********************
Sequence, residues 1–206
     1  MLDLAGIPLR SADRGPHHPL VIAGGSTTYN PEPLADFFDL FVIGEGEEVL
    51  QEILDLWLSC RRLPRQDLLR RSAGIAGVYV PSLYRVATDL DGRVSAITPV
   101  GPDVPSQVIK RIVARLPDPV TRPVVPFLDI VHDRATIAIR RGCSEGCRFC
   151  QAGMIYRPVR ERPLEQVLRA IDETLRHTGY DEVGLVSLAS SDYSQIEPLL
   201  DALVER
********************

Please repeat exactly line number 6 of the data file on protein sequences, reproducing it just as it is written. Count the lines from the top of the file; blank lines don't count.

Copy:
   201  DALVER